isolated/scattered storms. These would have a heavy rain/training
concern, though very difficult to say where in the region that
would be. For Friday, a stronger short wave and associated speed
max in the westerlies is forecast and that would likely yield more
storm coverage and robustness into Friday night. Presently this is
in southern Wisconsin/far northern Illinois, and if that were to
pan out verbatim there would be heightened flooding concerns, but
confidence remains lower. The boundary is forecast to shift into
the area during the start of the weekend and clear the CWA by the
middle to end of the weekend. A lot of uncertainty in this period,
but needless to say, thunderstorm chances maintained.

For late week heat, the northern extent of the highest
temperatures will depend heavily on convective influence. The
high dew points will be found areawide, and may even be a little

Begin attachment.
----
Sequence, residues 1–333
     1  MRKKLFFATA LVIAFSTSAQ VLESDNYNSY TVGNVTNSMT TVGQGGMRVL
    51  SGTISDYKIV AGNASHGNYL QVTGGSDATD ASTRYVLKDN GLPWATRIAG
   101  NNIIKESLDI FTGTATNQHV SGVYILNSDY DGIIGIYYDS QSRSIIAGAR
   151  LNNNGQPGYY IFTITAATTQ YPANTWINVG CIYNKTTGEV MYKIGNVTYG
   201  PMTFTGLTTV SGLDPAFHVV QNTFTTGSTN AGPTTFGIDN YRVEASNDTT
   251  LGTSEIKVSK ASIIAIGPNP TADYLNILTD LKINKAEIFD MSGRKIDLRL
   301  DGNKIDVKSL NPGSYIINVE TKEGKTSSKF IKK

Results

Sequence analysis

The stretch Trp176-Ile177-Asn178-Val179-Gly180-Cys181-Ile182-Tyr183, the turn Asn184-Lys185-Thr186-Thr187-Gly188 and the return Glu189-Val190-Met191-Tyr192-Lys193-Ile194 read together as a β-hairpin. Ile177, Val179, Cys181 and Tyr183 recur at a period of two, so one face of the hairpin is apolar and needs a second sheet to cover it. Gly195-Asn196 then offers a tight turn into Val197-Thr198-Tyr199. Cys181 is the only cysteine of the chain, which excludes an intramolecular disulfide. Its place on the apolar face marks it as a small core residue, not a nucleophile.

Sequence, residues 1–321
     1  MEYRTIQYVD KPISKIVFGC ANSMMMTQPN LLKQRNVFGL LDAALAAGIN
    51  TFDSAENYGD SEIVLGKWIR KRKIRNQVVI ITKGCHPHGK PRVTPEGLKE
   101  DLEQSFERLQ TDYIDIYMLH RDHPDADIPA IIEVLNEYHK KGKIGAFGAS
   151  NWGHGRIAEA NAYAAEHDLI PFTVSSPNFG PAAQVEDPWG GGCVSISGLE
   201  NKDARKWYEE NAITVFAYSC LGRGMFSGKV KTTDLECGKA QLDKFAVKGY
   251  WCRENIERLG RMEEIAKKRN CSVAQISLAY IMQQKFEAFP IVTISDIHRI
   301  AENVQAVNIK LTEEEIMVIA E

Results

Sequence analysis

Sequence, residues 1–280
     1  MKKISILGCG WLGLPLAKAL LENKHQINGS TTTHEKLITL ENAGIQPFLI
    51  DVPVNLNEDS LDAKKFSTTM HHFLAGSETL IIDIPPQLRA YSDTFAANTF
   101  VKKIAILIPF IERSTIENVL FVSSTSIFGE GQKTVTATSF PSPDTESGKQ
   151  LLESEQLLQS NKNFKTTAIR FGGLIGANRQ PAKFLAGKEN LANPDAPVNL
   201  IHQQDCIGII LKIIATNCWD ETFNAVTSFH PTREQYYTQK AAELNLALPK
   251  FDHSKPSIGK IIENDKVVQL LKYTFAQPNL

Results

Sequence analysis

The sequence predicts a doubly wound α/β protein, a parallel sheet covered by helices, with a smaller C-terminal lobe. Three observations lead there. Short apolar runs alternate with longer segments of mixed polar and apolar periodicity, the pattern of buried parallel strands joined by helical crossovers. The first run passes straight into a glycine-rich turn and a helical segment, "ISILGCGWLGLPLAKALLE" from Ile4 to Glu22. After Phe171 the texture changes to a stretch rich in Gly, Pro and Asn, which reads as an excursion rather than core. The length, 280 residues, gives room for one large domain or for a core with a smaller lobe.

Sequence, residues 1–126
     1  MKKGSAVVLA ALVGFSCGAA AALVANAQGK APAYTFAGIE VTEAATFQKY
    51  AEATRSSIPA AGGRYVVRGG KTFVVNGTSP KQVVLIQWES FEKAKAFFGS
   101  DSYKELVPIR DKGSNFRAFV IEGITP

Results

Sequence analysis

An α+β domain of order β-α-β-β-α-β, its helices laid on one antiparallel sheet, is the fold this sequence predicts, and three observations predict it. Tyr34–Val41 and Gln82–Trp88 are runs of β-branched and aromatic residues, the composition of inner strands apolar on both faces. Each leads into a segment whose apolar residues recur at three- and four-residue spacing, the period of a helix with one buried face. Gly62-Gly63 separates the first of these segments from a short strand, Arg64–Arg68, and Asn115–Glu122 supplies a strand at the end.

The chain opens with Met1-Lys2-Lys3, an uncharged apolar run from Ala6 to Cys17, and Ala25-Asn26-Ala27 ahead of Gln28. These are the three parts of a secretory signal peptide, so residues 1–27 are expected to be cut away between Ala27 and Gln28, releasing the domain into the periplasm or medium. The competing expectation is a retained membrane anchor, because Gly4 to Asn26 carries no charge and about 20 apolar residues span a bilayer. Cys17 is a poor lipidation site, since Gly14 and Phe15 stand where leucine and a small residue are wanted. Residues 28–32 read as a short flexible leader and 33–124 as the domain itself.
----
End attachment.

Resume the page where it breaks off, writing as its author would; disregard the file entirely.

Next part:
low especially Friday into Saturday, as moisture pooling ahead of
the boundary could occur. Also with crops now fully mature,
evapotranspiration could boost surface moisture a bit further than
a guidance blend indicates. The southern/southwestern forecast
area may need a heat advisory for Friday and possibly Saturday
based on the current forecast (heat index readings 103-107). As
for Rockford to Chicago, less confidence exists in uninhibited
heating for temperatures to reach 90 and heat index readings to
exceed 100.



405 AM CDT

The Hydrologic Outlook (ESF) for along and north of I-88 has been
continued for concerns of multiple rounds of storms through early
this weekend. Observational trends are supporting the forecast in
terms of a very moist atmosphere over the area from now through
Saturday. The confidence on receiving a burst of heavy rain with
a quick-moving storm complex in far northern Illinois overnight
has increased, uncertainty still resides in exact track of this
system. Where the center of it passes certainly will have
potential for 1"-2" in around 1-2 hours. Regularly with such
quick movement, even if intense, these tend to produce widespread
averages more of 0.50"-1.00". If there were to be some slower